Summary: Summary judgment of non-infringement under the doctrine of equivalents affirmed. Imposition of sanctions on plaintiff vacated and remanded.
Case: Eastcott v. Hasselblad USA, Inc., Nos. 2013-1050, -1051 (Fed. Cir. June 4, 2014) (non-precedential). On appeal from S.D.N.Y. Before O’Malley, Wallach and Taranto.
Procedural Posture: Plaintiff appealed grant of summary judgment of non-infringement and imposition of sanctions. CAFC affirmed summary judgment of non-infringement and vacated and remanded the imposition of sanctions.
- Doctrine of Equivalents: Equivalence is established on a limitation-by-limitation basis rather than on a general assessment of the accused product as a whole. Evidence of equivalence must be shown through particularized testimony of one skilled in the art, typically a qualified expert, who on a limitation-by-limitation basis describes the claim limitations and establishes that those skilled in the art would recognize the equivalents. The CAFC agreed with the district court that the inventor’s deposition and affidavit testimony was conclusory and failed to provide the requisite particularized testimony.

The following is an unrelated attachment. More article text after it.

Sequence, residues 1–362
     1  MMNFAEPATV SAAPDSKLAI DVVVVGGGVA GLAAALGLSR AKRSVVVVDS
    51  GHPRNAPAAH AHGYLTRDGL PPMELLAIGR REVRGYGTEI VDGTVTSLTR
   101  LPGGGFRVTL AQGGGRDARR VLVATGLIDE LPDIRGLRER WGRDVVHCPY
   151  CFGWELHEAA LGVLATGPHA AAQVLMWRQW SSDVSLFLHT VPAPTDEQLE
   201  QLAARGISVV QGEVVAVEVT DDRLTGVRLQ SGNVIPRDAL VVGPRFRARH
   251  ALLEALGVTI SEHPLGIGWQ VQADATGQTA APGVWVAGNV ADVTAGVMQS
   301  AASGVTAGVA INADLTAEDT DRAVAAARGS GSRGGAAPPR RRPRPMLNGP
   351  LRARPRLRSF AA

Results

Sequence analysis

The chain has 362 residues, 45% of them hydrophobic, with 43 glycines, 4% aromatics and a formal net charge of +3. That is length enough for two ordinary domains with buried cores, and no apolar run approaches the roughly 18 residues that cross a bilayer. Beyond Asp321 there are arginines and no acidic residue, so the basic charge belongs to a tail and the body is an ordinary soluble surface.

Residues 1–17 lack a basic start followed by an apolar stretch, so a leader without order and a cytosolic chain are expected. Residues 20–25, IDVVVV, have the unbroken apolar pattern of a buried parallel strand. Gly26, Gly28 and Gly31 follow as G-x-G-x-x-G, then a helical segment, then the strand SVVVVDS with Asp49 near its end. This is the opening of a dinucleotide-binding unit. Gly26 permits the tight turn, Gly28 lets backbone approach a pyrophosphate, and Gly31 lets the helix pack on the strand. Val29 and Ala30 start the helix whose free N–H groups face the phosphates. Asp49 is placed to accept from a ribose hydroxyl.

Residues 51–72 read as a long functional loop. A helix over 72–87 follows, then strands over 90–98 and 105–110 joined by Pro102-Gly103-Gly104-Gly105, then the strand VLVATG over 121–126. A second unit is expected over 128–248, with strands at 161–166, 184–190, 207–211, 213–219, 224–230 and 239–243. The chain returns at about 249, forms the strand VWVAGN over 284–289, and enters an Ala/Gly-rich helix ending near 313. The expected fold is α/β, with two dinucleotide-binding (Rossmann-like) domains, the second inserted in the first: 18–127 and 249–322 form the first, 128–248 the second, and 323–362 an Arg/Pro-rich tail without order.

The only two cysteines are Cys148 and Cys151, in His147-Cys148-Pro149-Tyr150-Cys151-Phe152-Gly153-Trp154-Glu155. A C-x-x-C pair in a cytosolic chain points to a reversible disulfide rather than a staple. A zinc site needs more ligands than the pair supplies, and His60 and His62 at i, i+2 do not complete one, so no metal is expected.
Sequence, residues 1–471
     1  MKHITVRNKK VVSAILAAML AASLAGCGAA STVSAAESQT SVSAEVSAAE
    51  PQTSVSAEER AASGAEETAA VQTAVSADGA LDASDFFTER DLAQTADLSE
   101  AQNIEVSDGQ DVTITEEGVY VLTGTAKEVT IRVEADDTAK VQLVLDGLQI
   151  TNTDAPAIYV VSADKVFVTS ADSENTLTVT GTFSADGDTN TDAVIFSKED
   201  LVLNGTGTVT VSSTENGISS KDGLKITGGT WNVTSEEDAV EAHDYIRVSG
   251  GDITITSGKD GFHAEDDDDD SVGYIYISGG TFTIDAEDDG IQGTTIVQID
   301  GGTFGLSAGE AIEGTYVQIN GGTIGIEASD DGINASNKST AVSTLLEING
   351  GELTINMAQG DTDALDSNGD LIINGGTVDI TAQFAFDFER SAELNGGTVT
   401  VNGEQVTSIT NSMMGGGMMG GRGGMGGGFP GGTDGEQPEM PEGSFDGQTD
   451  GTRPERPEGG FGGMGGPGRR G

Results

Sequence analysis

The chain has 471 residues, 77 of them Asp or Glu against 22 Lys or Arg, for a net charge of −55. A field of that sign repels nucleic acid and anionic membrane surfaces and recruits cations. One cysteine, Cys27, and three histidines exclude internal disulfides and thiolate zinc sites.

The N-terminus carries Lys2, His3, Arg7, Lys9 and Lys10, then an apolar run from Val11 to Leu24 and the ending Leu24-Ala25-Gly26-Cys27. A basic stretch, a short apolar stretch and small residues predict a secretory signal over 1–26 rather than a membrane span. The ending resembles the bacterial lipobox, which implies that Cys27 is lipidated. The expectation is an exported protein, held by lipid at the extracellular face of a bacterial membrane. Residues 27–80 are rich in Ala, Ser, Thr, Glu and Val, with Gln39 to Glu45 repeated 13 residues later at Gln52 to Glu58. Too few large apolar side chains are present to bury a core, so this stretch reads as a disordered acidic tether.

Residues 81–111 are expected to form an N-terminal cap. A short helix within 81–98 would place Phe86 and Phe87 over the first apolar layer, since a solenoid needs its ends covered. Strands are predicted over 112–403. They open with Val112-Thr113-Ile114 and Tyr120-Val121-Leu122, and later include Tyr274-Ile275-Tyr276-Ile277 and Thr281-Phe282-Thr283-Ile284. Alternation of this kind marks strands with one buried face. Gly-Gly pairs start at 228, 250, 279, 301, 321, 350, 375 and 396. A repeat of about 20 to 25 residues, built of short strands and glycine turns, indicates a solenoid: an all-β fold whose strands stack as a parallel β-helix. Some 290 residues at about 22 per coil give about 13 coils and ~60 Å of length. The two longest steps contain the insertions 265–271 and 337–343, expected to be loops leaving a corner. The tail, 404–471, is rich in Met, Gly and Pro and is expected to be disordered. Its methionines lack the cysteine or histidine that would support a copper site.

- Sanctions: The CAFC found the district court violated due process under Second Circuit law because it did not give adequate notice of the standard and authority under which sanctions were being considered before they were imposed. The CAFC also concluded that at least a portion of the sanction imposed was punitive rather than compensatory in nature such that on remand appellant should have the benefit of procedural protections that are typically afforded to a person charged with a crime.